Specsavers Runcorn are advising residents on how to protect their eyes from the harsh effects of central heating and winter winds, that can often leave eyes feeling bloodshot, gritty and dry.

Winter can be an uncomfortable time for many, so Chris Graham, store director at Runcorn Specsavers, is offering a couple of helpful tips and facts which will help prevent eye soreness.

Helpful hints 

Turning the temperature down on your central heating, avoiding car heaters, especially at face level, and sitting at a distance from direct heat such as gas or electric heaters are just a few ways of reducing the irritation of dry eyes. The gritty feeling and dryness we sometimes experienced in our eyes during the winter months can also be advanced by dehydration.

Chris said: ‘While most enjoy a hot drink at this time of year, it is good advise to cut back on the coffee and drink more water. Additionally, using eye drops can add extra lubrication to dry eyes. The term ‘dry eye’ is used when the oil content of the tears doesn’t efficiently lubricate the eye. People with dry eyes often have plenty of watery tears so adding eye drops may seem to not make sense but it’s actually a vital contribution to the oil content of the tears.’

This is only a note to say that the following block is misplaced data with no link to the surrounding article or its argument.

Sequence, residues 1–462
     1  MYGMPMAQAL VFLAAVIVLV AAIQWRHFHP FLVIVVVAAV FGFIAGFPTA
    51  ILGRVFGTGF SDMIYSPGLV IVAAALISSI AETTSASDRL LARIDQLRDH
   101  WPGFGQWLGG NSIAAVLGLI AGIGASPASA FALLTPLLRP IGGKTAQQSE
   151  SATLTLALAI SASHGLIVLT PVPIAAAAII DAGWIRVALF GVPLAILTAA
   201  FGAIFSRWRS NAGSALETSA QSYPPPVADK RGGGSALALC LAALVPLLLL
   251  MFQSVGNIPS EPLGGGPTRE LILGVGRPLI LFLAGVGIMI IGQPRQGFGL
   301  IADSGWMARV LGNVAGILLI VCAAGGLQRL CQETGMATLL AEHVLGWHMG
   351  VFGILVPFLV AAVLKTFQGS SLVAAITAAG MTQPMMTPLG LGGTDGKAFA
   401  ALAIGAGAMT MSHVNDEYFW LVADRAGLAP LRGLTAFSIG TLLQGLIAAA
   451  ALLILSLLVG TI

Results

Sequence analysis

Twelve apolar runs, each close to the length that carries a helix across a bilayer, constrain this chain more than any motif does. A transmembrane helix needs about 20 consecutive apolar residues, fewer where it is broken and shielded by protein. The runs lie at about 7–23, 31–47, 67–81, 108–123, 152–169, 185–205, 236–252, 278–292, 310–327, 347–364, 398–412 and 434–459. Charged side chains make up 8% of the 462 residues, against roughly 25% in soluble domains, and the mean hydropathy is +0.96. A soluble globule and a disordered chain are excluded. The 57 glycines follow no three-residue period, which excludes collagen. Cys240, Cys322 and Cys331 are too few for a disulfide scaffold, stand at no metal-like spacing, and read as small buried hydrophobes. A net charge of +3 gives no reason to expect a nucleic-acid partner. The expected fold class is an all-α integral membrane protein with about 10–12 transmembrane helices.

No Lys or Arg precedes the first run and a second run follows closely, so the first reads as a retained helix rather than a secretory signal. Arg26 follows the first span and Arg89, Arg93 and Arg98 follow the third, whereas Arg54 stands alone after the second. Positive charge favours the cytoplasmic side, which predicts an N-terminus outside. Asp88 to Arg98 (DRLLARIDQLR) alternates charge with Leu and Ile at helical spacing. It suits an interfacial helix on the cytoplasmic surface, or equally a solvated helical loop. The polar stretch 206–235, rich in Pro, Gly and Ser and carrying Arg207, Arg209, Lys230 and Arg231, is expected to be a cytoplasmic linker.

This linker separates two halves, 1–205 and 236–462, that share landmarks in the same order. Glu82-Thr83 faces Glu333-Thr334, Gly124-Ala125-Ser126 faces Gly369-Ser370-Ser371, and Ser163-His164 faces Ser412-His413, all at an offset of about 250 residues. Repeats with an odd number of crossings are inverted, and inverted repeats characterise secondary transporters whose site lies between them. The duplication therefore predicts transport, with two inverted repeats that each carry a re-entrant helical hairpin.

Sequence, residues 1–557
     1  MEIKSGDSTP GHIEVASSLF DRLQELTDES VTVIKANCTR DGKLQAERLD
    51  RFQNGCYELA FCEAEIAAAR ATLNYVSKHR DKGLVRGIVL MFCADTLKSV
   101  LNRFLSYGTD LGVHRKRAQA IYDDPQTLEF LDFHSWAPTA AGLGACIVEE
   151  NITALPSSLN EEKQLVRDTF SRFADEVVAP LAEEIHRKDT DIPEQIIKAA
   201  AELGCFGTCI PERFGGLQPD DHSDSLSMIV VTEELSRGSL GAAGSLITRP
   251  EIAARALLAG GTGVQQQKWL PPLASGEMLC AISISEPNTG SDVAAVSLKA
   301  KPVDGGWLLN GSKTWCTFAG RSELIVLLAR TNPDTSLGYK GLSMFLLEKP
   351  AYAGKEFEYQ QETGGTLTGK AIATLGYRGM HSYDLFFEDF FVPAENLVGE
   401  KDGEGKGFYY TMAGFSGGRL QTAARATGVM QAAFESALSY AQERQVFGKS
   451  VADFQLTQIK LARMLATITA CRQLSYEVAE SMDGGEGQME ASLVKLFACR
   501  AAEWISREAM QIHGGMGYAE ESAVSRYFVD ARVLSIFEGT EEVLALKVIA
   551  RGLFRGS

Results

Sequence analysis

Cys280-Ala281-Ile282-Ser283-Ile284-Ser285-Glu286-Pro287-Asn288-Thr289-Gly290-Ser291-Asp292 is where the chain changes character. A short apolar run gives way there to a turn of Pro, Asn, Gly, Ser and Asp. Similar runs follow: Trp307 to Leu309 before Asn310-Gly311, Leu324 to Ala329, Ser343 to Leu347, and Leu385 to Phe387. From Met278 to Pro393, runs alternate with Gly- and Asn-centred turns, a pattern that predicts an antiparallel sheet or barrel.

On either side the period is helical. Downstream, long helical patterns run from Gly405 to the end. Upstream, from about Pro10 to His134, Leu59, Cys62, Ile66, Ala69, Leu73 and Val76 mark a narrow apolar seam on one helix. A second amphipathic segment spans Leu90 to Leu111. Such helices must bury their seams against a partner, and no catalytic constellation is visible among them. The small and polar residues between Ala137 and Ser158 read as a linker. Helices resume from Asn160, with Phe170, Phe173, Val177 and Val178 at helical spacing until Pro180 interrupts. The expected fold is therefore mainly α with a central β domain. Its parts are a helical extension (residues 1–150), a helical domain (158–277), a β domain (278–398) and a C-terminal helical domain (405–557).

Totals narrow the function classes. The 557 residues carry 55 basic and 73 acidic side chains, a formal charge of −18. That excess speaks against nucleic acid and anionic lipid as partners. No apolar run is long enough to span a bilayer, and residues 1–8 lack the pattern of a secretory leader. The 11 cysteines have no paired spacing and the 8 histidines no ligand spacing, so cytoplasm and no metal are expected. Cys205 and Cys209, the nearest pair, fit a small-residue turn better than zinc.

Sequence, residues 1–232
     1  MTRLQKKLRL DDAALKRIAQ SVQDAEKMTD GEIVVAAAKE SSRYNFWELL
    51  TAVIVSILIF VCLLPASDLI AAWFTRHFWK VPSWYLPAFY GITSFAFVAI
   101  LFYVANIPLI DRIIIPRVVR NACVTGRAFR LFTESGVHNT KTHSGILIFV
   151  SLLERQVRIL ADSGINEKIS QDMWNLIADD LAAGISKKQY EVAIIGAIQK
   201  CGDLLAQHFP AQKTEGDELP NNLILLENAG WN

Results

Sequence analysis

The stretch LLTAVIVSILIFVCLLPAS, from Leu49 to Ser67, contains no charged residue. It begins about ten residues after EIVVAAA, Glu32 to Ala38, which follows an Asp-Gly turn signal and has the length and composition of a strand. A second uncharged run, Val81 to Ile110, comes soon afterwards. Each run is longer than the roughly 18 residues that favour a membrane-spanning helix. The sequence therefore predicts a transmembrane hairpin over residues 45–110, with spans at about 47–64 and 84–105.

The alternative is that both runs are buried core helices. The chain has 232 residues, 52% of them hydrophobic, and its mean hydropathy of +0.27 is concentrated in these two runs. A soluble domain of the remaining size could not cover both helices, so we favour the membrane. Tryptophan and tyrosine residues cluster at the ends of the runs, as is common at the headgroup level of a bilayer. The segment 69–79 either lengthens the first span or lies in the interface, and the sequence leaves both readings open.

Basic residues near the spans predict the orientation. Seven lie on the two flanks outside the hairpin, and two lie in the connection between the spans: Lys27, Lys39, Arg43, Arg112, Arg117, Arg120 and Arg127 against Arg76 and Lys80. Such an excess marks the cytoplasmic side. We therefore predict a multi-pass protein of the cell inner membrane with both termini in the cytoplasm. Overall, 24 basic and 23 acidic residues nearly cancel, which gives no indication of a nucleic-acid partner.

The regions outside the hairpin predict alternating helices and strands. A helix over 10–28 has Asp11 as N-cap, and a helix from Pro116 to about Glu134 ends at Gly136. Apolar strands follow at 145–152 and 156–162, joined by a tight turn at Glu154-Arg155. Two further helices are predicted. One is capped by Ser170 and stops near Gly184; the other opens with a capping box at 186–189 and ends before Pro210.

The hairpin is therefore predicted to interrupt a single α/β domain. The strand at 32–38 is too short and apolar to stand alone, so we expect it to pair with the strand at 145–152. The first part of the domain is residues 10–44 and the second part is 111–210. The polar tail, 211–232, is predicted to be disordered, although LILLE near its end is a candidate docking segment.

Cold and Flu warnings

At this time of year alot of people suffer from the common cold and flu. As respiratory infections, they can inflame your conjunctiva – the clear membrane covering the whites of your eyes, leaving them feeling irritated. By washing your hands before touching your eyes, you can help prevent cross infection from bacteria in coughs and sneezes.

Chris added: ‘It may surprise many but, even though it is winter, sunglasses are still handy to have to hand. The sun is low in the sky at this time of year and can be uncomfortably bright for drivers. Sunglasses give the added protection against ultraviolet radiation and can help reduce the risk of developing cataracts and macular degeneration. The snow will be here soon too and will reflect more UV radiation so remember your sunglasses after snowfall or on skiing holidays.’

The winter is an ideal time to get your eyes tested as poor light conditions can make you susceptible to eyestrain. Everyone should get their eyes tested once every two years, or sooner if you are experiencing problems.

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